Bremer Klaben, the Grandmother to My Grandma’s Poor Man’s Fruitcake.
Now that the holidays are over, I just received my true Christmas gift. After about a month of searching for one of my paternal Grandmother’s Christmas Fruitcake recipes, I finally found it in the most unusual place – nestled inside my Mom’s family recipe box. This should be a lesson to all recipe archeologists – look everywhere, including the most unlikely places for that lost recipe! You might ask why all this fuss over fruitcake? Doesn’t fruitcake have the worst reputation of all holiday sweets? Aren’t there a growing number of fruitcake tosses popping up across the country to help people dispose of them? Well, yes, but for this recipe it was as much the family history as the cake itself that I was after.
I had originally thought it was from the Crisco Cookbook or the locally made Rheinstrom candied fruit package, because we found out that a lot of Grandma’s recipes came from the inside of product packages. Both of these particular recipes had come from the Food Editor of the Ladies Home Journal in the 1920s. She became the sort of recipes spokeswoman for a lot of national brands. P& G used her recipes to promote their new Crisco product, as did Rheinstrom to promote their candied fruits during Prohibition, when they couldn’t legally sell their whiskey. Her chocolate cake, for example, was from the Hershey’s cocoa tin and her wonderful lasagna, from the Creamette noodle package. I had also found my paternal grandma’s cole slaw recipe in an unlikely place – my maternal grandma’s recipe box. The recipe had the notation “Mrs. Woellert’s – Very good,” which was highly unlikely for my maternal grandmother to cede cooking prowess. One of my male cousins still makes Grandma’s cole slaw for family functions.
Dad had always called this recipe Poor Man’s Fruitcake, but the Crisco recipe did not have that title. There was a very high end version in the Crisco cookbook that included a lot of candied fruit and then one that was a bit simpler. I had reached out to my cousin Nancy, whose siblings had saved and continue to make some of Grandma’s recipes to see if they had it, but they did not. Then I had heard one of my second cousins had my Aunt Betty’s recipe box. Aunt Betty was Grandma’s only daughter, so I thought if anyone would have some of Grandma’s recipes it would be her. I reached out to that cousin with no success.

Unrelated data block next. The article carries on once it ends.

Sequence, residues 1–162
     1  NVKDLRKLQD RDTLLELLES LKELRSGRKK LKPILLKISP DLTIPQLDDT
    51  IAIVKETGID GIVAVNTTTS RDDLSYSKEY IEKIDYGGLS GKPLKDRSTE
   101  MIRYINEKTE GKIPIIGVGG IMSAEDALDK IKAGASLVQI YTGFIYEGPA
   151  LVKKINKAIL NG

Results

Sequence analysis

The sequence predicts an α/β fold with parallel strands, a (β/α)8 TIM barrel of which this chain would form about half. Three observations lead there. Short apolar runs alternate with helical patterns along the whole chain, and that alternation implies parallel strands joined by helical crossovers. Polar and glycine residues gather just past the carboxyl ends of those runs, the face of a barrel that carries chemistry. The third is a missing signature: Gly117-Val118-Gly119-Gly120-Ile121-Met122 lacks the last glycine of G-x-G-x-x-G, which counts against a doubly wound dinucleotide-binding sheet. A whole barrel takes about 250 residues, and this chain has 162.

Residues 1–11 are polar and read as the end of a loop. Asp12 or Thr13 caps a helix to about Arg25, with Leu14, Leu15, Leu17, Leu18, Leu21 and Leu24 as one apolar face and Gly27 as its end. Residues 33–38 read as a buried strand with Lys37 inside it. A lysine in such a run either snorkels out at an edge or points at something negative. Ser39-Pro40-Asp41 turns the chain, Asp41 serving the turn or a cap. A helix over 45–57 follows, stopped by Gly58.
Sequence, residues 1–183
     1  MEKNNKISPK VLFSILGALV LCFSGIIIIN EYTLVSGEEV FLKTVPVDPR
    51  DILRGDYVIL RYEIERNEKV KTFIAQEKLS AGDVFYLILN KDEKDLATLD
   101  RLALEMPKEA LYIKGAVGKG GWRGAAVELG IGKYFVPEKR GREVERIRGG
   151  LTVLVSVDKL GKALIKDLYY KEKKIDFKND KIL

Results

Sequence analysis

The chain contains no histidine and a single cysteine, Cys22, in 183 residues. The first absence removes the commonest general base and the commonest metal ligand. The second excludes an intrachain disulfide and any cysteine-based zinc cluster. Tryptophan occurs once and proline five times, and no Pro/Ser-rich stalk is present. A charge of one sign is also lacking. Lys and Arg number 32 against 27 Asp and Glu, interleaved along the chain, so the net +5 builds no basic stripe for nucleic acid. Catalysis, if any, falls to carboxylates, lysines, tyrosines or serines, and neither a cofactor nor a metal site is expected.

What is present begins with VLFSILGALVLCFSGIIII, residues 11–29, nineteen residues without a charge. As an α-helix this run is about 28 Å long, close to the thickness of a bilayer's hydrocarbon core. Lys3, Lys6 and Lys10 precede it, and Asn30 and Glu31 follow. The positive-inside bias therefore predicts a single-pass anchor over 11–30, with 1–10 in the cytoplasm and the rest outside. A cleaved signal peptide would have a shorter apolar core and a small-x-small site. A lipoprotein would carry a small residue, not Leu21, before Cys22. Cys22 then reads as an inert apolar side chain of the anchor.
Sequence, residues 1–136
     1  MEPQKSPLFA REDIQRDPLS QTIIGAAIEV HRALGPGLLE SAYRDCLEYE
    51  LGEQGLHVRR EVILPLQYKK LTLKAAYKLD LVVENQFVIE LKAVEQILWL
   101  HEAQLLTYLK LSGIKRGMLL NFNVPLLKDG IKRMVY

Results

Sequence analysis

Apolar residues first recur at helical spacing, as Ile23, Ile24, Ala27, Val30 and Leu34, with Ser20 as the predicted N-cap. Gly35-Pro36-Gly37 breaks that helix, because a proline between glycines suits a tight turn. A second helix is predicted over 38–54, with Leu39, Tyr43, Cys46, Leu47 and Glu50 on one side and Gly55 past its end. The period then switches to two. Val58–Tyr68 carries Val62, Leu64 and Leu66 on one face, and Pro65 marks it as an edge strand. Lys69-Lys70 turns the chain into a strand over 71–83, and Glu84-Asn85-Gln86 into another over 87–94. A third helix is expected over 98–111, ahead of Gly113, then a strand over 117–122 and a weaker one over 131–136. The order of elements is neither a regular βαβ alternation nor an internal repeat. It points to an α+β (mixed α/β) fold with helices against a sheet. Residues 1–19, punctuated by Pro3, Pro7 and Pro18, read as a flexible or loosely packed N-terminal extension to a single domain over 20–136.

Inadvertently Mom had copied the recipe down from my Grandmother, probably early on in my parents’ marriage because my father and all of his siblings really liked her fruitcake. But this was apparently one of Grandma’s signature holiday treats and so when she was making it, Mom never had to. As my grandparents aged and stopped hosting the family holiday parties, the baking of the fruitcake went into hiatus, and no one took up the mantle. This is the natural changing of family traditions and unfortunately how recipes get lost to the ages. Mom had forgot that she had copied the recipe so many years ago, and luckily for us, my nosiness found it nestled and hidden in between other recipes.
So I was absolutely thrilled to find Grandma’s recipe for Poor Man’s Fruitcake. I had assumed that maybe it didn’t use as many eggs or expensive spices like nutmeg or even alcohol. But the title came from that fact that it didn’t contain the expensive candied cherries, citron, or apricot of other fruitcakes. It only contained raisins and walnuts. And, it was not sprinkled with confectioners’ sugar.
It occurred to me that this poor man’s fruitcake is similar to the North German klaben – the version of stollen from Bremen that has only raisins and nuts, and is not dusted in confectioners’ sugar or wrapped in marzipan. In Germany there are nicknames for Christmas Stollen with raisins – they are either whispering or screaming stollens. Whispering stollens – like the Klaben – are ones that contain so many raisins and they are so close together that they only need to whisper to each other. Then there are the screaming stollens – like the Dresdener stollen – with only a few raisins, because other candied fruits are included, so they must yell to each other to be heard. A recent radio episode of a holiday special Travel with Rick Steves articulated this difference.
Very soon after their marriage in the early 1920s, my paternal grandparents moved in with my widowed Great Grandfather, whose family had immigrated from the area of Northern Germany just to the east of Bremen – the Duchy of Mecklenburg – which was home to the Klaben – Germany’s whispering raisin holiday fruitcake. She was tasked with cooking to my great grandfather’s north German tastes, so maybe this recipe came from his family and was based on the Klaben with which they were familiar in Mecklenburg. Maybe he had asked her to make this family cake for him at Christmas and she obliged. Apparently Great Grandpa raved about Grandma’s other dishes like her barley soup and her goetta to the neighbors in Cumminsville. The Poor Man’s Fruitcake might have been like the German eggnog or eierliquor recipe my grandfather made at Christmas.
So had I discovered a recipe that had come over on the boat with my ancestors? Who changed the name from Klaben to Poor Man’s Fruitcake? Did Great Grandma teach my Grandma to make it before she passed? Like much recipe archealogy, it’s hard to say, but I’d like to think that Grandma’s rediscovered Poor Man’s fruitcake descends from the Bremen Klaben. And now I can make it next year for the family get together. too, which descended from his father and grandfather.